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The Art Of Moving On Is Explored In Daniel Levy’s ‘Good Grief’

The Canadian director, producer, writer, and star hits all five stages of grief in this tender Netflix portrayal…

“We all deserve some joy.”

After the Emmy-winning success of Schitt’s Creek put Daniel Levy on the global map, the writer and actor seemed to take some time to hone his craft further. Taking on comedy is one obstacle in the entertainment industry that many have tried, and few have succeeded to the degree that Levy has in recent years. He has since costarred in holiday-themed projects (Happiest Season) and expanded his brand as the host, executive producer, and creator of the cooking competition series, The Big Brunch. Now, the Canadian icon takes audiences into the belly of the dramatic with his new Netflix film, Good Grief.

Reflecting his multihyphenate personality as the director, producer, writer, and star of Good Grief, Daniel Levy throws himself into the character of Marc Dreyfus, a children’s book illustrator married to the dashing Oliver (Luke Evans). Just after Oliver leads a Christmas party full of the happy couple’s friends in a rendition of “When My Baby Comes Home,” he leaves the party and immediately gets into a car accident. Oliver is killed instantly. 

A year goes by, and Marc has tried everything to pick up the broken pieces of his life. His attempts at yoga, working out, living with his best friend Thomas (Himesh Patel), and watching Bravo haven’t changed his outlook. He even tries his hand at dating apps with the help of his other bestie, Sophie (Ruth Negga)—disaster upon disaster. Nothing seems to dull the pain of losing the love of his life.

That is until Marc uncovers the truth about Oliver’s intentions before his untimely death: He was planning to leave Marc for someone else. This shocking news upends Marc’s mourning and sparks an idea that morphs his thinking. He takes his two pals on a weekend getaway to Paris to commemorate the one-year anniversary of Oliver’s passing. In doing so, he assumes the necessary steps to mend his and their broken lives.

“Good Grief” is a self-described love letter to grief and the influence of friendship, specifically in times when friends are needed most. Levy’s choice to step into the director’s chair makes for a sympathetic look at loss and the people left behind. The film explores the titular grief in various ways, culminating in a positive message about the power of connectedness and moving on. It’s a sobering take on the grieving process through one man’s journey, but regardless of sexual orientation, this film speaks to the masses about said grief.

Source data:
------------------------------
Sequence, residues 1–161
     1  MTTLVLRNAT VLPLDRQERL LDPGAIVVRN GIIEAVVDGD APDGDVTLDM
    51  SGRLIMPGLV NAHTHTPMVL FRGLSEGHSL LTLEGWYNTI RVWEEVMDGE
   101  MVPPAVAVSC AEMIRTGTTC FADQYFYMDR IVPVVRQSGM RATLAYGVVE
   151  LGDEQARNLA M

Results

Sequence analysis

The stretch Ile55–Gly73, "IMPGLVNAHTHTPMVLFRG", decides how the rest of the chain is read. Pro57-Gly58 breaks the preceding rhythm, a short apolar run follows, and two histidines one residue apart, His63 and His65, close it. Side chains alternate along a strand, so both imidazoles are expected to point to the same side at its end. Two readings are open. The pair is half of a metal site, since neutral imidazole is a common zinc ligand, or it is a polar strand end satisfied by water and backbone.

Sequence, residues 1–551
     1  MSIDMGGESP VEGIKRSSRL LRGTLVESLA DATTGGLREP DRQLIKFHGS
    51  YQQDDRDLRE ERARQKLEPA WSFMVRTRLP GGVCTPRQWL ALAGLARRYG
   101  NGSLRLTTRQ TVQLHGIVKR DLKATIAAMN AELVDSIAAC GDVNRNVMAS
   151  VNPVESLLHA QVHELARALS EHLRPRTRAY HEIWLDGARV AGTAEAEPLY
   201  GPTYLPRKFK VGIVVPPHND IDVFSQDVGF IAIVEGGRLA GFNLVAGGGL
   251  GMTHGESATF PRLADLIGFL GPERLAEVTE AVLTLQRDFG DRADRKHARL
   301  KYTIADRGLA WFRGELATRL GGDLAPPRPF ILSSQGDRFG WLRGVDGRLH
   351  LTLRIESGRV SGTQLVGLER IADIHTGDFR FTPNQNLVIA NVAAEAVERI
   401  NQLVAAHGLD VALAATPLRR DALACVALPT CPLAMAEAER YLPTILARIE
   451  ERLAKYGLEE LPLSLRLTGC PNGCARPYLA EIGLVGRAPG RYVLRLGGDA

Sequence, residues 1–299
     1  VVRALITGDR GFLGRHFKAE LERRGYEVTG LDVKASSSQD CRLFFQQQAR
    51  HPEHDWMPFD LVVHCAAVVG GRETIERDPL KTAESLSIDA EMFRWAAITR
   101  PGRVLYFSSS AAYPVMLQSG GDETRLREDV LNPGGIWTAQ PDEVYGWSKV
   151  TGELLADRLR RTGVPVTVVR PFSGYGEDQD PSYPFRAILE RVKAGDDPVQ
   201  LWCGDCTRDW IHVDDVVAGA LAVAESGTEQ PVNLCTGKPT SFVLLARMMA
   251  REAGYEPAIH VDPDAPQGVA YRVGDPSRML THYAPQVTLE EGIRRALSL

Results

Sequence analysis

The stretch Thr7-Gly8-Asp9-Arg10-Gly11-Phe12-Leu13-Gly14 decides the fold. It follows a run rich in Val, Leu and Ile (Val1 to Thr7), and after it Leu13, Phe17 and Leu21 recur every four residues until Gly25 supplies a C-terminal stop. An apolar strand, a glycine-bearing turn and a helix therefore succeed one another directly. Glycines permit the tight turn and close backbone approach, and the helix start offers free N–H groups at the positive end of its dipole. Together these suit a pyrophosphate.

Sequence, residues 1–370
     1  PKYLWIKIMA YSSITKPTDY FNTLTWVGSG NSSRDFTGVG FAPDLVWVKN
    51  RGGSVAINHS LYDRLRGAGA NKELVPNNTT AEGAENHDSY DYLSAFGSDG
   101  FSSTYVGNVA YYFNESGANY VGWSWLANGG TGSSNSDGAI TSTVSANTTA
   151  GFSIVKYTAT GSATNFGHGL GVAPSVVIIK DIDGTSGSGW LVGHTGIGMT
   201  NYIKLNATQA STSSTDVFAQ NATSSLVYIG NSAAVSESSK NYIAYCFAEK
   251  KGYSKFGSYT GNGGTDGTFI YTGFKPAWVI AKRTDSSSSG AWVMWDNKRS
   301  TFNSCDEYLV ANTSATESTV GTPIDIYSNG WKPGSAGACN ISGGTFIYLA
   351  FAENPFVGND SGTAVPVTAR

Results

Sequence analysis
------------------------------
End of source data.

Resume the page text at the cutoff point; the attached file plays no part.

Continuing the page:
Due to high-profile casting choices, it is apparent from the start that Luke Evans will mostly appear in brief flashback form. Oliver is a well-respected author of Young Adult literature that has led to film adaptations, so his death reverberates to the general public beyond his tight-knit circle of Marc and friends. Evans embraces his sexual identity and continues to portray complicated and charismatic gay characters after 2023’s triumphant Our Son

Yet, the central story of Good Grief targets the three amigos in Paris as they embark on an adventure staying at Oliver’s second home. All three face a crossroads in their lives after losing jobs and love, and they all deserve a holiday. Set against the backdrop of the City of Light, the film revolves around Marc’s struggles to come to terms with losing the man of his dreams while simultaneously conflicted about their past relationship. Over the course of one weekend, the trio learns a lot about themselves and what they once believed to be true.

But this is Paris, after all, and romance is undoubtedly in the air. A new courtship comes in the form of Theo (Arnaud Valois), a handsome and understanding Parisian art enthusiast whom Marc meets and reveals all of his inner turmoil. Amongst the broken hearts is a sea of romance just waiting to be revealed, playing to Daniel Levy’s strength as a writer and leading man.

Good Grief might be the antithesis of Levy’s much-beloved comedy stylings on Schitt’s Creek, but the former embodies the latter’s unique sentimentality and dramatic flair. This film is a soulful drama with twinkles of light, even in the darkest scenes. A well-written script goes a long way, but this movie works mainly due to the credit of Patel and Negga’s playful, yet often messy, antics on the screen. Marc would be nothing without the support of his friends, and it’s evident from the get-go that the three of them are in this together.

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